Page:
Preparing for a new data protection framework
The General Data Protection Regulation answers the call by Europeans for uniform data protection rights across the European Union, regardless of where their data is processed or stored. Due to the complexity of obligations in the GDPR, organisations are already beginning to take the appropriate measures to comply.
The EU GDPR applies to organisations whose data processing activities relate to offering goods or services to, or monitoring the behaviour of, EU data subjects, even if the organisation itself doesn’t reside within the EU. This is currently not the case with existing regulations.
Accountability and privacy by design
Data controllers will have significant accountability obligations to demonstrate compliance, including documentation; conducting a data protection impact assessment for more ‘risky’ processing; and implementing data protection by design and by default. Privacy by design is a key requirement of the regulation. In certain cases, data controllers and processors must designate a Data Protection Officer as part of their accountability programme.
Data subjects must give explicit and demonstrable consent concerning their personal data, either by statement or a clear affirmative action which signifies agreement. Importantly, they can withdraw consent at any time.
Data breach notification
Data controllers are required to notify the Data Protection Authority (DPA) within 72 hours (in most cases) of learning that a breach has occurred. What constitutes a reportable data breach is laid out in the full text of the GDPR.
Role of data processors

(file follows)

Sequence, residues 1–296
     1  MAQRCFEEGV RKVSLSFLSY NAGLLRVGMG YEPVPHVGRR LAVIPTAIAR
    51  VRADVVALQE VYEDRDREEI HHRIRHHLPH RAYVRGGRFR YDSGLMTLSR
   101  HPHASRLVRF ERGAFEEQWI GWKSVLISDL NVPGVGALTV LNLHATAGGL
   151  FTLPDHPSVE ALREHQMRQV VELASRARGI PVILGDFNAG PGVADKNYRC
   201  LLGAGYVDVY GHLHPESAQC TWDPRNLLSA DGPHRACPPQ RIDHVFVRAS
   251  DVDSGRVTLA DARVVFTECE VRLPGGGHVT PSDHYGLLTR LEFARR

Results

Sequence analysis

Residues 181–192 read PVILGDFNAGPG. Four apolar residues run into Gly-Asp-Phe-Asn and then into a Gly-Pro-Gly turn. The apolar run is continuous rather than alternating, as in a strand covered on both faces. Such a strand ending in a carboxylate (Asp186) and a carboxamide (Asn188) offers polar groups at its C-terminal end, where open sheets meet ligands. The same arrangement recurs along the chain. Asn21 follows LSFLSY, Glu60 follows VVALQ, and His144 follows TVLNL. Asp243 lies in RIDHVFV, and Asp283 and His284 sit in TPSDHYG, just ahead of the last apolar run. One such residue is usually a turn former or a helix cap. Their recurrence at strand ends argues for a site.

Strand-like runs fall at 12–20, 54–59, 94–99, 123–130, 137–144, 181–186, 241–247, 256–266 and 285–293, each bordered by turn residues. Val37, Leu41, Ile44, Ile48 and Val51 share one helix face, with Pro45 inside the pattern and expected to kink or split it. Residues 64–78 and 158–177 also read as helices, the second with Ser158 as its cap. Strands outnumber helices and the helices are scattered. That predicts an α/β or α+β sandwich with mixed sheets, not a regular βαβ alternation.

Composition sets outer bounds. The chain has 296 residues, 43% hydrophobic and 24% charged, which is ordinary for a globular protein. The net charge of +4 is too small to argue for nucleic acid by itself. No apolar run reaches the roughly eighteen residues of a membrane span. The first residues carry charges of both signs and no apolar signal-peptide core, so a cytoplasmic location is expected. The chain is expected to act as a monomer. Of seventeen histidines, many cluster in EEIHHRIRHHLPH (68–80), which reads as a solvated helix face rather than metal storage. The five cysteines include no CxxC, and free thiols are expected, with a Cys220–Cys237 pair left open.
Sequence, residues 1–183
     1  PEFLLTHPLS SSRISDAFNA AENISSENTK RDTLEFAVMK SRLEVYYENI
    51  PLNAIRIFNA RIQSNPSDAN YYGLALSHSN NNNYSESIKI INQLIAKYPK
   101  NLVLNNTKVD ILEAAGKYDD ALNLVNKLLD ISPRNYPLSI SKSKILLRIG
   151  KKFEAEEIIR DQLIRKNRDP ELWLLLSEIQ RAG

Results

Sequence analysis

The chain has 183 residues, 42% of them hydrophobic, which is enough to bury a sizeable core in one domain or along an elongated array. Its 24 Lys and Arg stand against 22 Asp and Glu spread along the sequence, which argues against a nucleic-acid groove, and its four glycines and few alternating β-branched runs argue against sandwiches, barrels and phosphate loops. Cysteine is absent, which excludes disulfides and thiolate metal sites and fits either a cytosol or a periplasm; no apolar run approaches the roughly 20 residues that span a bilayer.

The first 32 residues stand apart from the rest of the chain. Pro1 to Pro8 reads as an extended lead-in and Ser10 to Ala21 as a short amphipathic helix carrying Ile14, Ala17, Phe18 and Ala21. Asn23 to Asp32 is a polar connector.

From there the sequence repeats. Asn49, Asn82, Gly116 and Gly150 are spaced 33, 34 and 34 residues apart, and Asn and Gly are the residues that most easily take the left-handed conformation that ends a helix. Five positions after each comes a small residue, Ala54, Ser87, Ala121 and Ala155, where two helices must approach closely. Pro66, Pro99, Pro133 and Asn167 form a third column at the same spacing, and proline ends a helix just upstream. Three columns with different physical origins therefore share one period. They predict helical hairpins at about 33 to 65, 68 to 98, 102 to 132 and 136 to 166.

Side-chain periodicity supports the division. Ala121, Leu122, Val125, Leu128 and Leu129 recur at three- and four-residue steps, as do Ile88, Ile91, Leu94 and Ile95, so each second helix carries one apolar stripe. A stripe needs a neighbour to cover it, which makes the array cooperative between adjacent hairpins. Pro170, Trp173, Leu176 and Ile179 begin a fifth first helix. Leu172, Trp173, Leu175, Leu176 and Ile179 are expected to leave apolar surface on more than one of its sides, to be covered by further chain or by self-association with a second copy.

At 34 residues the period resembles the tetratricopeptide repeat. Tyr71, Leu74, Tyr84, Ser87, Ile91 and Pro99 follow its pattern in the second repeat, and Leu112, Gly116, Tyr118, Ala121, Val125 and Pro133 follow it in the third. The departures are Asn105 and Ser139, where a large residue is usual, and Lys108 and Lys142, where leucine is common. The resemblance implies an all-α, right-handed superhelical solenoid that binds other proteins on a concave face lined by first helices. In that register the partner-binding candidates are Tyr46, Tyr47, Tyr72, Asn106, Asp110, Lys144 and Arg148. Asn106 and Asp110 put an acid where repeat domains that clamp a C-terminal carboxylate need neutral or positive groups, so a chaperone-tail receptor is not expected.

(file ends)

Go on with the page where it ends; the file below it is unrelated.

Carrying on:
Under the new regulation, data processors will have direct obligations, including implementing technical and organisational measures to protect private data and performing data breach notifications.
The GDPR contains a series of tiered penalties for breaches. It also gives the DPAs power to impose fines for some infringements of the regulation. The sanctions are substantial; however, there are some mitigating actions and preparations organisations can take to reduce sanctions.
Removal of notification requirement
In some situations, data controllers will no longer be required to notify or seek approval from the DPA. Instead, data controllers will need to put into place effective procedures and mechanisms focusing on high risk operations (such as implementing new technologies) and conduct a data protection impact assessment.
International data transfers under the GDPR are essentially unchanged from previous regulations.
Binding corporate rules
Binding corporate rules will be recognised for controllers and processors, allowing for intra-group international data transfers. They must be legally binding, apply to every member of the group and expressly confer enforceable rights on data subjects.
A key element of the GDPR is the concept of a ‘one-stop shop’ where organisations will only need to deal with one Lead DPA where the organisation has its main establishment. Previously, the organisation would need to deal with multiple DPAs in each country where it had a presence.
Data protection board
An independent European Data Protection Board will replace the Article 29 Working Party. It will comprise the EDP Supervisor and senior representatives of the national DPAs. It will be responsible for issuing opinions and guidance, ensuring consistent application of the GDPR and reporting to the Commission.
Right to be forgotten
Individuals will have the right to require that their personal data is erased without undue delay by the data controller under certain circumstances. Additionally, data controllers will have the obligation to take reasonable steps and inform third parties that the individual has requested that their data be erased.